Small Kitchen Layout and Design Tips

small kitchen with teal wall

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Bigger isn't always better. And where matters of money are concerned, that's especially not the case.

The cost, duration, and complexity of your kitchen remodel are in direct correlation to the planned size of the kitchen; it's a verifiable fact. On a one-for-one comparison, with all other factors being the same, the small kitchen will cost less, use fewer materials, and will come to completion sooner.

Mint green small Kitchen in a vacation cottage
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Advantages of Small Kitchens

Small kitchens have a number of advantages over larger kitchens. If you have only a small space available for the kitchen, this might actually be a blessing in disguise.

More Efficient Design, Better Ergonomics

A tighter work triangle makes for a more ergonomically correct and efficient workspace. In a small kitchen, the key work stations can be accessed by simply turning around, not by walking 10 or 20 feet.

Less Expense For Building Materials

Overall costs for building materials are considerably less in a small kitchen, simply because there are smaller quantities necessary. Countertops are shorter, flooring area is smaller. Expensive areas like tiled backsplashes use less tile.

DIY Construction Is More Practical

A smaller space using fewer building materials means that the DIY option is more practical with a small kitchen. And you'll find that your kitchen remodeling project can be completed faster, especially if you are doing the work yourself. 

High-End Materials Are More Affordable

Have you been eyeing that artisan tile, premium quartz countertops, or expensive stone flooring? With a small kitchen, you'll be more apt to afford it. Because you are purchasing less material (e.g., 30 square feet of granite countertop instead of 300 square feet), you can afford to upgrade the quality of materials you use. 

Design Is Easier

With the small kitchen, you have fewer options in terms of design, but this can be a good thing. Because of the limited layout and floor plan options, you can give more attention to the selection of materials and fixtures than to extensive counter and cabinet configurations.

Living Space Is Maximized

Because less space is given over to the kitchen, this means that there is more space in your home for the living room, family room, or dining room. Or, you can create entirely new rooms that may not have been possible with a huge kitchen: a small office to the side, a hobby, crafts, or sewing room, or a breakfast room.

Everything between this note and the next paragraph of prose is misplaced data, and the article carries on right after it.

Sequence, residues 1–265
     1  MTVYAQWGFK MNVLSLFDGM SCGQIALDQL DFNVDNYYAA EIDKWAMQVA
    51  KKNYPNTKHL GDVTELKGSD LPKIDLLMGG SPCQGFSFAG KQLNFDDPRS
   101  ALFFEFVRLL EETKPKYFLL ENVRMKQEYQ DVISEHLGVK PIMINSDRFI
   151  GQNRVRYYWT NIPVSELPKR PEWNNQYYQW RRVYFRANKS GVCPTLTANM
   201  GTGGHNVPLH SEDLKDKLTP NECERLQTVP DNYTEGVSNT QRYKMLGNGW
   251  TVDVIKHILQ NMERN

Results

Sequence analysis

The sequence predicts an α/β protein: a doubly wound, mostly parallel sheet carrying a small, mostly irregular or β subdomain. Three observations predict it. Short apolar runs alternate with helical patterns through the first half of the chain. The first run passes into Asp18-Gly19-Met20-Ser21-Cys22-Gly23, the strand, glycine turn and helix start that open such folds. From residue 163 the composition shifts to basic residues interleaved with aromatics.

Choose a Kitchen Layout That Works

Your range of potential layout designs is limited in a small kitchen. But that's a good thing. For one, by maximizing the functionality of the space, there will be less unused dead space. Open expanses of flooring and high ceilings are great, but they don't help you cook the meal.

Galley or Corridor Kitchen Layout

The galley or corridor-style kitchen is the most popular layout for the small kitchen. In this layout, services (dishwater, stove, sink, etc.) are usually clustered within a small area.

Storage is reserved for upper and lower cabinets, leaving counter space free for cooking purposes. A galley kitchen can fit in a space as narrow as 8 feet. Yet a well-design galley kitchen is a perfectly practical full-service kitchen. 

One-Wall Kitchen Layout

Many homeowners find the one-wall kitchen layout too tight for their needs. Essentially, this layout is half of a galley kitchen, with less than half of the amount of counter and cabinet space.

Also, you'll find that you may need to sacrifice services that are nice but not essential, such as dishwashers.

But for homeowners who don't particularly enjoy cooking—or for homeowners who lean toward takeout or restaurant meals over cooking at home—a small, one-wall kitchen may be just the right solution.

More Design Tips for Small Kitchens

Since you don't have the vast, limitless space of a huge kitchen, you need to be a bit more economical in your design when dealing with a compact kitchen. Surprisingly, you won't find it too hard to do.

For one thing, kitchen services tend to automatically associate with each other. Dishwashers need to be near water supply and drain areas (i.e., sinks). Refrigerators with automatic ice makers need a water supply. Kitchen cabinetry tends to be clustered together into cohesive units rather than spread out.

So, pulling together a tight kitchen really makes sense from a commonsense, practical point of view. 

Tile back splash, ventilation hood and stove in kitchen
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Some other ideas that can help a small kitchen:

  • Do you really need that kitchen island? You might. But then again, kitchen islands use up a lot of space and are not always as useful as they may appear. If you're worried about space, try to craft a kitchen design that doesn't include an island. You might be surprised to find that you can operate perfectly well without an island.
  • Push cabinetry all the way to the ceiling. Often, standard kitchen cabinetry has an open space at the top. While this does create a more airy feel, it's a luxury you often cannot afford in the small kitchen. After all, would you rather have a dead space or more usable shelving? You might want the former over the latter, but it's definitely a point to consider.
  • Use glass cabinet doors. The downside of pushing cabinetry up to the ceiling is it can make a kitchen more claustrophobic. Cure this by installing glass cabinet doors. Adding interior lighting to the cabinets can also make a huge difference. 
  • Go for neutral or lighter colors. Darker colors will make the small kitchen feel heavier, darker, and smaller.
  • Opt for larger floor tiles. While this may sound counterintuitive, small flooring tiles make a room feel smaller.